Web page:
Monday, April 19, 2010

Immortal Beloved


Curia of Pompey, Rome: March 15th, 44 BC

The hunger gnaws within me – deep, rumbling up from within. The blood lust is beginning to rise – a fervor pitch, screaming in my ears – so loud that I can hardly control it. I close my eyes, stealing away to the darkness and the words of my father:

We may be cursed – but we are not animals. You can control the hunger. Focus the hunger and you will control it.

Father taught me to hunt discriminately – never the innocents and only those that deserved their fate. The herd was thick for the thinning amongst the ‘optimates’, the ‘best of men’ – the leaders within the Roman Senate; and I hunger.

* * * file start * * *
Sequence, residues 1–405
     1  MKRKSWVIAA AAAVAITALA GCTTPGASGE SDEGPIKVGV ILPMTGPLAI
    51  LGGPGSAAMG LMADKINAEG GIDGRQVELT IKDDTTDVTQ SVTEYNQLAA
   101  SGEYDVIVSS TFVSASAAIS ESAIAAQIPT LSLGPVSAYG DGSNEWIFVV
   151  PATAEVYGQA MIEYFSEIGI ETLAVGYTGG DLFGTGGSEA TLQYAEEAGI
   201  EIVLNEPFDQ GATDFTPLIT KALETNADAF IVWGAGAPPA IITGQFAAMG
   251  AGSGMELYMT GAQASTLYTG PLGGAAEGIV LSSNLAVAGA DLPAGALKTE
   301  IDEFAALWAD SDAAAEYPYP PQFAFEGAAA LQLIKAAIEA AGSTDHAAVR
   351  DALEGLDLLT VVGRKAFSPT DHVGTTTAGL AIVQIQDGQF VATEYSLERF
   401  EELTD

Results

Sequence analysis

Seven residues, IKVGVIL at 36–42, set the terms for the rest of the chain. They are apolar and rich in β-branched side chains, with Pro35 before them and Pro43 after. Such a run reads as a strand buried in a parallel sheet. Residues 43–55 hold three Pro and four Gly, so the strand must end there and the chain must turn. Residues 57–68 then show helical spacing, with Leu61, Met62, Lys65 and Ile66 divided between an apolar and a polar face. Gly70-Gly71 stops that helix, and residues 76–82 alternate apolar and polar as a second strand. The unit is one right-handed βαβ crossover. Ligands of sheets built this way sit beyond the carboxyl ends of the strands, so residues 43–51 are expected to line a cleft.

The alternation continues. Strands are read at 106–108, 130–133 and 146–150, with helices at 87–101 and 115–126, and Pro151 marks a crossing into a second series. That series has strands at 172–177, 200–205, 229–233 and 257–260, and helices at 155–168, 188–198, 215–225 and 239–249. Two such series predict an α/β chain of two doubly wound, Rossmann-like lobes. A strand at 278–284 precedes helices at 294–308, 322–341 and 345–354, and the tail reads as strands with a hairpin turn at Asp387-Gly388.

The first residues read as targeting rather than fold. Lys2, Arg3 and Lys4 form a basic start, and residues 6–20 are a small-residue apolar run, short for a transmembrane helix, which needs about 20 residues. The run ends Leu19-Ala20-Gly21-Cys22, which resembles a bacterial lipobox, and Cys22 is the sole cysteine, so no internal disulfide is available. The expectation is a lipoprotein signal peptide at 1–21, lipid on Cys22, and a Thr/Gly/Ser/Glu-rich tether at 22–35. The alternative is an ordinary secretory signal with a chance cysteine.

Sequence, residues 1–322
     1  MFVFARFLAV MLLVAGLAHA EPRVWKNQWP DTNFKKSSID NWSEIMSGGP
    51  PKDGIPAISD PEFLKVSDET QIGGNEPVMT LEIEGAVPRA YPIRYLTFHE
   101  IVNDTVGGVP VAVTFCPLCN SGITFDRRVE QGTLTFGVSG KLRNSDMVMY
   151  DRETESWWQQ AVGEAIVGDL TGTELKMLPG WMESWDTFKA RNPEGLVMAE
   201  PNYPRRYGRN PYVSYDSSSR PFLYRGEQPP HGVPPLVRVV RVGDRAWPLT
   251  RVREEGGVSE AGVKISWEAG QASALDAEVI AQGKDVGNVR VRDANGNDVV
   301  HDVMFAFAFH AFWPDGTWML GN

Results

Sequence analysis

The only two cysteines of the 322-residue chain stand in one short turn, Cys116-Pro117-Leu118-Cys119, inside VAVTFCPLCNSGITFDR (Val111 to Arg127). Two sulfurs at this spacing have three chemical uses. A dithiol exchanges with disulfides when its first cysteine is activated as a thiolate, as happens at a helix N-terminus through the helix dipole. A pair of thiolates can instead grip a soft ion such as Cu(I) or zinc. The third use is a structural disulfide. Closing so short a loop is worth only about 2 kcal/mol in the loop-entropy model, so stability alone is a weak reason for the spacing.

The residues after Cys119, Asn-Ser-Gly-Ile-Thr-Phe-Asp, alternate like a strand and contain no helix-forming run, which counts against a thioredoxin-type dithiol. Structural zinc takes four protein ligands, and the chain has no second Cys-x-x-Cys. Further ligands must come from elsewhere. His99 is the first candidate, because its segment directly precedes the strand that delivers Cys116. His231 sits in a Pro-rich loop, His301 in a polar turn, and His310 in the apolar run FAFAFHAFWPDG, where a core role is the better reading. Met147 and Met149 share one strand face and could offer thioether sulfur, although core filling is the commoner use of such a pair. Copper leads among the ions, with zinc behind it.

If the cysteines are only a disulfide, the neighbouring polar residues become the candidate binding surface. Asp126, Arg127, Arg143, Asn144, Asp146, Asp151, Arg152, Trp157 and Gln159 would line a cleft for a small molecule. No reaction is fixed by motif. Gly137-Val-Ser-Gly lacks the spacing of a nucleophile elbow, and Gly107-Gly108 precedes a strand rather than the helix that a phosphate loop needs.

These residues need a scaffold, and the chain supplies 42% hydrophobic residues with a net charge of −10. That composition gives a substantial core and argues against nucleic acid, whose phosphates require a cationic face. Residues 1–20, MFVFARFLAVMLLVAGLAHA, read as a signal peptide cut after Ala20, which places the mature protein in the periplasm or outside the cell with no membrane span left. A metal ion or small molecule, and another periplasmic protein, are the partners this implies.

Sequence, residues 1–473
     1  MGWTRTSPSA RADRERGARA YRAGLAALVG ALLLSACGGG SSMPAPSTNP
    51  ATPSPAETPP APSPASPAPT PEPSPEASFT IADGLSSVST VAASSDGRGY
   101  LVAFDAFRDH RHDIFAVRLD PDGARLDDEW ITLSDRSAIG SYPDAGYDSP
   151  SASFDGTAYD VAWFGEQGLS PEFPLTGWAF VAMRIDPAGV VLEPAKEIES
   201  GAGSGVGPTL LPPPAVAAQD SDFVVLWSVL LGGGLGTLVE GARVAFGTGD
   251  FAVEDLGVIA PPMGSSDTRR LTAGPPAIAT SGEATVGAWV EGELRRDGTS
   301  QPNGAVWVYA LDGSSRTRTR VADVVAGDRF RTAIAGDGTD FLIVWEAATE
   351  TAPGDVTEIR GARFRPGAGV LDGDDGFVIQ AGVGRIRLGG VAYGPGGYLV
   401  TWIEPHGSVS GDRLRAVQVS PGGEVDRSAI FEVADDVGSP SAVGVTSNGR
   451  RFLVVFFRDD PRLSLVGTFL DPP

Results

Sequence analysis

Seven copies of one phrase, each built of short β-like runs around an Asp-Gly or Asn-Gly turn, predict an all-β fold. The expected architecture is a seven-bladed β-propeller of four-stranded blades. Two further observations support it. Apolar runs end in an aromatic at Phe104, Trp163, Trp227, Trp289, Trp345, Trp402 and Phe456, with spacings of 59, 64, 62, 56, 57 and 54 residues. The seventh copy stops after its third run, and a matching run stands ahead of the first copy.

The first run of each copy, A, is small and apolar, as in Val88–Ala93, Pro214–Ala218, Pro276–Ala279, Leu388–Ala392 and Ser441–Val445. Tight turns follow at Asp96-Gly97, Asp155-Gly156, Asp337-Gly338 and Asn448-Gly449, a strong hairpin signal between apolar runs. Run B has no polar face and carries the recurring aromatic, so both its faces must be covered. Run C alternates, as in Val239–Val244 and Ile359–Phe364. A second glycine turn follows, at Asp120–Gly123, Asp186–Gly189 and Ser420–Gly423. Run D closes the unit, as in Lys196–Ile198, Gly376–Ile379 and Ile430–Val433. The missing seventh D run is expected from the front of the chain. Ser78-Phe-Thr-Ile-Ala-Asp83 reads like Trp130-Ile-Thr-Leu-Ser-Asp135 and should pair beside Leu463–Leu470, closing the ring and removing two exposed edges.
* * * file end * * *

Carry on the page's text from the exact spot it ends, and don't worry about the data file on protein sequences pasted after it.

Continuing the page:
Within these marbled walls I was known as Lucius Mestrius Plutarchus – a historian, biographer and sometime essayist. These trades served me well as I became intimate with the citizens of Rome; their walls held no secret that I would not become aware of. Their lives became an open book to me, their fears, their love and, most of all, their penchant for evil and greed. Especially among the Senators who served the people to only line their own pockets. True, there were exceptions among them, Suetonius, Brutus and Tillius were special favorites of mine. It was through their help that I stand here now, in the grand hallway of the Theatre of Pompey, surrounded by the entire Senate, waiting for the passing of Julius Caesar, waiting for the moment to feed as the Senate plots to assassinate him.

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